Detection of Esophageal Injury
After AF Ablation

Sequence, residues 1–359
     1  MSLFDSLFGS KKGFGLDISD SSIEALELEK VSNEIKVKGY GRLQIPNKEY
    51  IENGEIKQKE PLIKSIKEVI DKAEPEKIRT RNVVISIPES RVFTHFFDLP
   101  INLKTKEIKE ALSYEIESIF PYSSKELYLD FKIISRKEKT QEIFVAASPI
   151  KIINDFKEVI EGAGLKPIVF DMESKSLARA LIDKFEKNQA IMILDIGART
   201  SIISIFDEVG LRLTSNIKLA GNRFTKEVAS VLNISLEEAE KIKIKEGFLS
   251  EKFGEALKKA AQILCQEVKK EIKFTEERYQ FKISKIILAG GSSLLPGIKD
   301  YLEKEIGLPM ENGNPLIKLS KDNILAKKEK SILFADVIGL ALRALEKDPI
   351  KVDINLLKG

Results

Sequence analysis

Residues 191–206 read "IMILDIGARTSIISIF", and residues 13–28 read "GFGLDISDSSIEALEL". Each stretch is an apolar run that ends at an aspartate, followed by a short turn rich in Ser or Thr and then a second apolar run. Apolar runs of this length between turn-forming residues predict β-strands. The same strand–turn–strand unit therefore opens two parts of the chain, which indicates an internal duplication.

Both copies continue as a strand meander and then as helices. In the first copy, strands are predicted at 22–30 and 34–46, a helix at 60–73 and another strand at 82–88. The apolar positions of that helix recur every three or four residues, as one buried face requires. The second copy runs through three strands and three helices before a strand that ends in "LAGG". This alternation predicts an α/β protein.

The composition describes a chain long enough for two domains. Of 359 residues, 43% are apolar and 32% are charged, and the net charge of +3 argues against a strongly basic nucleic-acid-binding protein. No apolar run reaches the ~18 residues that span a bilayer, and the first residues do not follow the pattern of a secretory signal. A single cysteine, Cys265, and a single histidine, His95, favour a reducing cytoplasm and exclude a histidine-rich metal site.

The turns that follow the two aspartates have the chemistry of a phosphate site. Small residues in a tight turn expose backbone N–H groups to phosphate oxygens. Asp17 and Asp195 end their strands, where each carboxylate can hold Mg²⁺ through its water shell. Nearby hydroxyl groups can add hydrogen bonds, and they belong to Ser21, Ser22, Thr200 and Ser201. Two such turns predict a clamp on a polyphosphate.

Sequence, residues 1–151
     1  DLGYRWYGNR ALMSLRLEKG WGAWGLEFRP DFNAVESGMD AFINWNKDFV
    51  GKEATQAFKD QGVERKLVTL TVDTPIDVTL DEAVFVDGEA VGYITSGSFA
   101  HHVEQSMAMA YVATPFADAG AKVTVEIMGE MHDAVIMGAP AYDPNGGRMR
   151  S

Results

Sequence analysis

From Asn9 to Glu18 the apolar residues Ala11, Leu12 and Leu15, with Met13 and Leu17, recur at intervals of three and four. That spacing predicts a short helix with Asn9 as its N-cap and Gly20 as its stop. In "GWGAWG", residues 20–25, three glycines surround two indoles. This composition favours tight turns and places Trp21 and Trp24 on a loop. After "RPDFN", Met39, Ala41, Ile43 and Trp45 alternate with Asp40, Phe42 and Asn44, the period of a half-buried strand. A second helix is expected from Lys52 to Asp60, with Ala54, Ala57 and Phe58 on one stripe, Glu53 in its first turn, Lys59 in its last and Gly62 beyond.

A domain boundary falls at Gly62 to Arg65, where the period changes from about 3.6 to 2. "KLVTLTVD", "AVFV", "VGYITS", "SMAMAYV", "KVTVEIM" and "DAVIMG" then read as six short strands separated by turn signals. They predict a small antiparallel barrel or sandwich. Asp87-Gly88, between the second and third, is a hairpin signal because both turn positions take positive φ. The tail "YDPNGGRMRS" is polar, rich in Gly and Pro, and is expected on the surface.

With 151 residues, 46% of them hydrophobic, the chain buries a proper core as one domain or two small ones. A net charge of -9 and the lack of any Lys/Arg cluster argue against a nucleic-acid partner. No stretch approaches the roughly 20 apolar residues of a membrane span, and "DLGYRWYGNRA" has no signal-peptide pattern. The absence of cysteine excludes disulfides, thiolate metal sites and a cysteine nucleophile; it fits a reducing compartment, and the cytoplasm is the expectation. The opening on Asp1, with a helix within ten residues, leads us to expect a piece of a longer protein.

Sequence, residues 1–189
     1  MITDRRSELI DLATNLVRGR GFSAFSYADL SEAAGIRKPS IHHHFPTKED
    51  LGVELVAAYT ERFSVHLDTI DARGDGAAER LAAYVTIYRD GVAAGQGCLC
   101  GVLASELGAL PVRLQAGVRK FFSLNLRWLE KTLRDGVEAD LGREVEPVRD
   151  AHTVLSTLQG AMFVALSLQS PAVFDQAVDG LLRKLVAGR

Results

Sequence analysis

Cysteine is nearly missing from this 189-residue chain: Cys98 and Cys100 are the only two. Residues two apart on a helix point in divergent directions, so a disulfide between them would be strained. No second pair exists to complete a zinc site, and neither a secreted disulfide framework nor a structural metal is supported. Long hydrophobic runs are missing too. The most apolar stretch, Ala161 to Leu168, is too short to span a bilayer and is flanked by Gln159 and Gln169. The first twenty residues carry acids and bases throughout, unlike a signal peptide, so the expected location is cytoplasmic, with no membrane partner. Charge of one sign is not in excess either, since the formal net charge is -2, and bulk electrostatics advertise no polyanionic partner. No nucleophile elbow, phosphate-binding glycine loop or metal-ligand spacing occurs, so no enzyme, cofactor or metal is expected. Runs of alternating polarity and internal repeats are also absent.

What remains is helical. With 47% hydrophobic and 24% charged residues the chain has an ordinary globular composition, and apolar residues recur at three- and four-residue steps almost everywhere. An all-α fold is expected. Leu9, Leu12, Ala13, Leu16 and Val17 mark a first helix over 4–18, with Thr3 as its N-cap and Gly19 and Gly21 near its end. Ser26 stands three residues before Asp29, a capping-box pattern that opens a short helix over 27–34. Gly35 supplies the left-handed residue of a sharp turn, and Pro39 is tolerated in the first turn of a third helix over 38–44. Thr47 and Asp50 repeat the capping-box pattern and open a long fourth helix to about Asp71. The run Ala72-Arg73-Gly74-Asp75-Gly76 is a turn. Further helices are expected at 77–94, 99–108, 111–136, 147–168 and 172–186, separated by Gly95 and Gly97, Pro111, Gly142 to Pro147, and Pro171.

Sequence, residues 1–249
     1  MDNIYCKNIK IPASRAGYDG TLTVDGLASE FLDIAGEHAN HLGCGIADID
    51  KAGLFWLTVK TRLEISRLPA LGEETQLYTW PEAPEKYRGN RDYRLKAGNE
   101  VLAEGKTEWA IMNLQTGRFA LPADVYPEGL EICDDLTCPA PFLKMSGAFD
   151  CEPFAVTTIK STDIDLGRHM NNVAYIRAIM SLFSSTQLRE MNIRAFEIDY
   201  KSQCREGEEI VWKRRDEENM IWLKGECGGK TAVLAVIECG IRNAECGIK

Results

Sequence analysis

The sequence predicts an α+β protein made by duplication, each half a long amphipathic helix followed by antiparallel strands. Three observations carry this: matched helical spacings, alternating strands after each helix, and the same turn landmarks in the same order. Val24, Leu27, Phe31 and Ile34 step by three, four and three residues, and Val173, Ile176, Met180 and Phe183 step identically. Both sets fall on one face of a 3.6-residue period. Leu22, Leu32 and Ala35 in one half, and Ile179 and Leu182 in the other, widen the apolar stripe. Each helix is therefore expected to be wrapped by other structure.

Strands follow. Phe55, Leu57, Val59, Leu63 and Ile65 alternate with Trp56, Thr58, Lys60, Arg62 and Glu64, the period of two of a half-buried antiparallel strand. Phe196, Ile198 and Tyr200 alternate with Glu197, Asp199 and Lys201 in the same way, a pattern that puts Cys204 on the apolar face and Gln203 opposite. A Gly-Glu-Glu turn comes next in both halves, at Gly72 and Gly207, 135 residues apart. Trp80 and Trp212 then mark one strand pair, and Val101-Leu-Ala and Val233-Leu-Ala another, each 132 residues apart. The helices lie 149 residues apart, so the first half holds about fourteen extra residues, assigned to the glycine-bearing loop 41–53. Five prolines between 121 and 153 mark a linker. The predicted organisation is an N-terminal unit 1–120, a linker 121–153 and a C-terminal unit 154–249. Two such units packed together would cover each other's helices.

Is PillCam ESO and the Given Imaging System also currently used for gastroenterology procedures? Yes, PillCam ESO was developed for patients suffering from esophageal disorders, such as esophageal varices, which may result in fatal bleeding, and Barrett s esophagus, which is an early indication for esophageal cancer. It provides a patient-friendly alternative to esophageal endoscopy and the associated sedation and discomfort. PillCam ESO contains an imaging device and light source at both ends of the capsule and takes up to 14 images per second a total of 2,600 color images as it passes down the esophagus. What made you decide to use this for identification of RFA-related esophageal injuries? Our rationale for using esophageal imaging after ablation therapy for atrial fibrillation (AF) was the potential for esophageal injury with energy used during the ablation procedure. The proximity of the esophageal wall to the area that is ablated in the heart may result in transmural injury of esophagus, leading to discomfort, and, more seriously, development of atrial-esophageal fistula (although this is encountered very rarely). Recently an article by Drs. Natale and Saliba1 raised awareness of this complication; they both were instrumental in the initiation of esophageal imaging in their patients, in an effort to improve care and identify patients at possible risk for development of serious complications after the ablation procedure. How long has esophageal capsule endoscopy been available? PillCam ESO received FDA approval in November 2004 and received a permanent CPT ® Code by the American Medical Association and the Center for Medicare and Medicaid Services effective January 1, 2007. How is this technology used? Describe how the PillCam ESO and the Given Imaging System are used during a procedure to look for atrial fibrillation ablation related esophageal injury. The patient fasts for two hours, then swallows the PillCam ESO video capsule with a glass of water while lying on his or her back. After swallowing PillCam ESO, the patient is raised by 30-degree angles every two minutes over a six-minute ingestion period, until he or she is sitting upright. The total procedure takes approximately 20 minutes and can be performed in the doctor's office, hospital, or clinic. Natural digestive contractions help propel the disposable PillCam ESO through the GI tract. It is passed naturally and painlessly from the body, usually within 24 to 72 hours. How soon can esophageal capsule endoscopy be used after atrial fibrillation ablation to look for ablation-related injury? The patient needs to be fully awake to participate in the test. The test can be performed and interpreted the same day, after the ablation is performed. In our proposed trial design, most patients will have capsule endoscopy within 24 hours of ablation. What methods, if any, are currently used to diagnose RFA-related esophageal injury? There is no consensus or guidelines currently. Two methods that can be used at this time are esophagogastroduodenoscopy (EGD) and capsule endoscopy. However, in my opinion, capsule endoscopy is more suited for this due to its simplicity. In addition, with capsule endoscopy, results are readily available, there is no need for an endoscopy room and staff, and the patient does not need additional sedation during the procedure. EGD with insuflation of the esophagus could be potentially hazardous if transmural injuries of the esophageal wall predispose the patient to esophageal perforation. How many AF patients were tested using this technology? Were there any adverse reactions? Our preliminary results suggest that esophageal injury happen in patients (we identified positive ESO findings in 7 out of 32 total patients). None of our patients developed AE fistula or any long-term complications in the esophagus. We used our findings to identify and follow these patients more closely for extended periods of time. Patients were also treated with proton pump inhibitors in order to facilitate the healing of mucosa and eliminate additional damaging effects of gastric acid. Is this technology currently used only by gastroenterologists, or could it also be used by electrophysiologists in the future? All endoscopic images should be interpreted by board-certified gastroenterologists. Tests can be performed in any setting with appropriate medical staff, and images/video can be electronically transferred to the central reading site where board-certified gastroenterologists will interpret the study and communicate the results back to the cardiologist. However, except for the Cleveland Clinic, no one is currently using this technology. What future studies are being planned to test its use in the electrophysiology lab? This was just a small pilot study designed to see if this imaging approach was adequate in this particular indication. We are encouraged with the results and will proceed with a larger trial soon. One of the goals of the larger trial will be to better understand endoscopic characteristics of the lesions in the esophagus and to eliminate preexistent lesions. Therefore, in the trial design we will have patients ingest a capsule before and after the ablation, so the true frequency of ablation-related lesions can be assessed. Once post-ablation esophageal lesions are better defined (which we hope to achieve with this trial), esophageal capsule endoscopy could be used after ablation procedures to identify the patients at risk of serious complications. Dr. Walid Saliba and I are principal investigators on the upcoming study sponsored by Given Imaging, where we will be looking into the utility of the ESO capsule in evaluation of esophageal injury after ablation. This trial, entitled the CEPELA trial (Capsule Endoscopy in Postablation Esophageal Lesion Assessment), is in final phases of preparations; we are expecting it to start by the end of January. The CEPELA trial will assess the presence of preexisting lesions and relative frequency of ablation-related injuries, focus on follow-up of patients with the injury, and assess if capsule endoscopy of the esophagus is a valid method for monitoring these patients. Is there anything else you'd like to add? The advantages of capsule imaging compared to regular esophagoscopy in this particular indication are: 1) no air insuflation, which can potentially precipitate perforation in the event of transmural esophageal injury; 2) no need for sedation, as capsule endoscopy is well-tolerated by most patients; and 3) the procedure can be done (capsule can be administered) at the ablation center(s), then video can be transmitted (as an digital file) for analysis to a certified gastroenterologist, minimizing the patient's need to go from one department (center) to another and increasing overall efficiency of delivered care. Contraindications for this procedure are described in the device insert, and include the inability to swallow, presence of a cardiac pacemaker or defibrillator, history of bowel obstruction, etc. A full list can be reviewed in the manufacturer s package insert.